Talk:Universal Language Selector Mobile

Latest comment: 10 years ago by Ryuch in topic Universal Language Picker

two character to indicate a language[edit]

You mention a two letter code to indicate a language. Many if not most of our Wikipedia language have three letters. Thanks, Gmeijssen (talk) 10:53, 17 February 2012 (UTC)Reply[reply]

ah, then two/three letters it is depending on the language --Planemad (talk) 12:43, 18 February 2012 (UTC)Reply[reply]

what language is spoken in what country[edit]

Are you aware how many languages are spoken in the United States? It is not only English and the native American languages. There are several languages not originating in the USA who have a substantial number of speakers.. think Chinese, Arabic, Korean but also Hmong ...

The notion that flags help indicate languages spoken is a long standing fallacy. Thanks, Gmeijssen (talk) 10:53, 17 February 2012 (UTC)Reply[reply]

Choosing the US should obviously give languages like Spanish, Polish etc that are common there. The languages you would get on selecting a country should include common ones used by the population. You would obviously not have Zulu if you selct the US. The idea is to eliminate irrelevant languages from a selection list by using the country as a filter. If you were a Korean person in US and you had no idea to read English, then you would need to select Korea as the country to get the Korean language, it just does not make sense that he would choose the American flag rather than the Korean one to get his language. Would you argue that an Arab immigrant in the US would select the US flag rather than his own home country? --Planemad (talk) 11:52, 17 February 2012 (UTC)Reply[reply]
The argument is with flags as a metaphor. They stink. Gmeijssen (talk) 10:50, 18 February 2012 (UTC)Reply[reply]
Could you be a little more descriptive of why flags would be difficult/controversial for a user? A scenario would really help me understand why you would think that this is such an extreme problem and to improve upon the proposal--Planemad (talk) 12:41, 18 February 2012 (UTC)Reply[reply]
As far as I can see flags would here be used to indicate countries, which I suppose is fine, and not languages, which would indeed be bad. SPQRobin (talk) 12:57, 18 February 2012 (UTC)Reply[reply]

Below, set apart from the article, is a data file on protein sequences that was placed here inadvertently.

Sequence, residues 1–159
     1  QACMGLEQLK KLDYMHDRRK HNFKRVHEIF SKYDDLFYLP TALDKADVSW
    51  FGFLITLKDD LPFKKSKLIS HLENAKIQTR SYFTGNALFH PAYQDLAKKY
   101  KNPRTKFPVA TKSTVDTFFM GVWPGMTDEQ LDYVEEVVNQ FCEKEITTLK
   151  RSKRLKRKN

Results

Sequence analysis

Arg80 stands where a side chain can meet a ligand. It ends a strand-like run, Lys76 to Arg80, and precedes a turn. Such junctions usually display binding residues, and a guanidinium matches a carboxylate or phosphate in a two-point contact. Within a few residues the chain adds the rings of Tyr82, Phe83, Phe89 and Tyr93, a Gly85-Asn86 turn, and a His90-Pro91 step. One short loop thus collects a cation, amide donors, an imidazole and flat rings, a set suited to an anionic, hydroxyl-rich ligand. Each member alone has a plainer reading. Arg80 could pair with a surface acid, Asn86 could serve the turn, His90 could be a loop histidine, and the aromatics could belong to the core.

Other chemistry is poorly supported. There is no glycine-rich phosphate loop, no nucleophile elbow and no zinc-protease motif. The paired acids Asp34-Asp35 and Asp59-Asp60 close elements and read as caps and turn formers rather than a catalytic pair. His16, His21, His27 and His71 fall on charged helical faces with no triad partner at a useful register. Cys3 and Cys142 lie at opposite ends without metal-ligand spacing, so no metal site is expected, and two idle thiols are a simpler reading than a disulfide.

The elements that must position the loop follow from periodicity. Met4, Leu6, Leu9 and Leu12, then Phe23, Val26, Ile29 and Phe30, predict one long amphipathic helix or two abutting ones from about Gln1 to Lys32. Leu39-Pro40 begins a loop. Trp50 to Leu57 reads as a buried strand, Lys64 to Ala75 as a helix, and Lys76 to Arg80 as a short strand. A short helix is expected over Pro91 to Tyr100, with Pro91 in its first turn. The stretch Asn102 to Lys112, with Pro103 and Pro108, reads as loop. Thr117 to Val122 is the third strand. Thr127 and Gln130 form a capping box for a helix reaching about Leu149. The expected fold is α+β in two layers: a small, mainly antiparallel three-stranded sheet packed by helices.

According to WolphramAlpha's statistics, Polish is less spoken in the United States than Chinese, Arabic, or Korean. --Yair rand (talk) 15:34, 19 February 2012 (UTC)Reply[reply]


Using individual countries as units for language divisions could be problematic for a number of reasons:

  • What is or isn't a "country" is really disputed, and we have no real way of deciding one way or another whether something is a country. (Do we use the flag of South Ossetia/any other disputed area for people in that region?)
  • Languages divides don't really work well for countries. Inuktitut is spoken by 69.5% of w:Nunavut, but it probably wouldn't even be considered a major language for the entire country of Canada, for example. Similar situations occur in very many countries.
  • Do we even have a reliable way of finding out what country the user is located in? I think we can get a decent idea of where someone is based on their IP address, and are usually able to find out what country that is, but why would we make the understanding of what languages the user speaks more ambiguous than necessary by first matching IP area to country, and then country to language, rather than just directly figuring out as well as we can what languages are spoken by people with that set of IP addresses?